From the radiobiological point, some literature starts to show that FFF beams, relatively to standard flattened beams, have higher efficacy, possibly in reducing survival fraction for the same delivered physical dose, due to the higher dose per pulse of such beams (up to 4 times) . This fact is today only a suggestion coming from sparse laboratory studies on cell lines, and not yet clinically proven in terms of patient studies. In principle the improvement is present, but the increased cell killing effect is rather minimal, so difficult to be proven at the present stage with small clinical studies. To clinically demonstrate the differences in cell killing effect between standard beams and beams with high dose per pulse, clinical trials should be set on a rather large scale. Also the time factor, not only the dose per pulse, is known to have a role the on radiation induced damage. This was subject of different studies where, both on theoretical bases and in vitro irradiations [24, 25] it is demonstrated that the shorter is the treatment session time, the higher is the tumor control probability for the same physical delivered dose. Although not yet clinically proven, all those studies suggest the possible benefit in using FFF beams, for which the present study can present a practical feasibility.
From the technical viewpoint, a first point to underline about such beams is the known reduction of peripheral dose, coming from the absence of the flattening filter that reduces the scattered dose from the linac head. To enhance this effect, with the TrueBeam linac it is also possible to allow the jaws to follow the MLC movement, minimizing the field area shielded by only the MLC: this option further reduces the dose in the proximity of the target, potentially improving the dose fall-off toward the critical structures and surrounding tissues. Technically speaking, no specific study has been undertaken up to now to systematically quantify the peripheral dose reduction when using the jaw tracking option, as its application is part of the optimization process, ending in different MLC sequencing if the option is used or not. As a second technical point to mention is the use of the abdominal compressor to minimize the internal organ motion. This was considered adequate in our institution, but the possible use of 4DCT acquisition for ITV delineation, in conjunction to the compressor, could be a more precise solution to better include the motion management, an essential point for SBRT in this anatomical region. The 4DCT is indeed going to be included in our next clinical studies for thoracic and abdominal stereotactic irradiations.
Considering these promising results, a prospective study of dose escalation in 4 fraction of SBRT with FFF beams for pelvic/abdominal lymph node oligometastatic patients (genito-urinary and gynecology primary) was recently proposed and accepted by internal ethical committee of our Institute and preliminary results will be reported in a further study.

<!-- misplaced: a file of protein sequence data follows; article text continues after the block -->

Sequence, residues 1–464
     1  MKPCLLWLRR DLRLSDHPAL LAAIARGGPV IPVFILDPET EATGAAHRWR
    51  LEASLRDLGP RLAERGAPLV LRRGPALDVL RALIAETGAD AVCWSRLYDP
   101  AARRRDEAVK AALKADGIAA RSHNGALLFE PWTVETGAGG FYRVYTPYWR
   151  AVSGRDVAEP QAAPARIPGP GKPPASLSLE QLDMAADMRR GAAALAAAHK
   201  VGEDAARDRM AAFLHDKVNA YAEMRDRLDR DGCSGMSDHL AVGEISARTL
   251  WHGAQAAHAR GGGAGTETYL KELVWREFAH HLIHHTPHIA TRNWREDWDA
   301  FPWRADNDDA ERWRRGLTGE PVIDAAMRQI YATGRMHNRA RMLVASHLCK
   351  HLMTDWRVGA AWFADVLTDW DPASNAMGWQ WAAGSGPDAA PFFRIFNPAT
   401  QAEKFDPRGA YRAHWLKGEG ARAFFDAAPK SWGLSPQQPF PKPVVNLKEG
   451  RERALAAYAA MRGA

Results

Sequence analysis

- Weichselbaum RR, Hellman S: Oligometastases revisited. Nat Rev Clin Oncol 2011, 8: 378-382.PubMedGoogle Scholar
- Rubin P, Brasacchio R, Katz A: Solitary metastases: Illusion versus reality. Semin Radiat Oncol 2006, 16: 120-130. 10.1016/j.semradonc.2005.12.007View ArticlePubMedGoogle Scholar
- Alongi F, Arcangeli S, Filippi AR, Ricardi U, Scorsetti M: Review and Uses of Stereotactic Body Radiation Therapy for Oligometastases. Oncologist Oncologist: in pressGoogle Scholar
- Scorsetti M, Bignardi M, Alongi F, Fogliata A, Mancosu P, Navarria P, Castiglioni S, Pentimalli S, Tozzi A, Cozzi L: Stereotactic body radiation therapy for abdominal targets using volumetric intensity modulated arc therapy with RapidArc: feasibility and clinical preliminary results. Acta Oncol 2011, 50: 528-538. 10.3109/0284186X.2011.558522View ArticlePubMedGoogle Scholar
- Bignardi M, Navarria P, Mancosu P, Cozzi L, Fogliata A, Tozzi A, Castiglioni S, Carnaghi C, Tronconi MC, Santoro A, Scorsetti M: Clinical outcome of hypofractionated stereotactic radiotherapy for abdominal lymph node metastases. Int J Radiat Oncol Biol Phys 2011, 81: 831-838. 10.1016/j.ijrobp.2010.05.032View ArticlePubMedGoogle Scholar
- Otto K: Volumetric modulated arc therapy: IMRT in a single gantry arc. Med Phys 2008, 35: 310-317. 10.1118/1.2818738View ArticlePubMedGoogle Scholar
- Ong C, Palma D, Verbakel W, Slotman BJ, Senan S: Treatment of large stage I-II lung tumors using stereotactic body radiotherapy (SBRT): planning considerations and early toxicity. Radiother Oncol 2010, 97: 431-436. 10.1016/j.radonc.2010.10.003View ArticlePubMedGoogle Scholar
- Bignardi M, Cozzi L, Fogliata A, Lattuada P, Mancosu P, Navarria P, Urso G, Vigorito S, Scorsetti M: Critical appraisal of volumetric modulated arc therapy in stereotactic body radiation therapy for metastases to abdominal lymph nodes. Int J Radiat Oncol Biol Phys 2009, 75: 1570-1577. 10.1016/j.ijrobp.2009.05.035View ArticlePubMedGoogle Scholar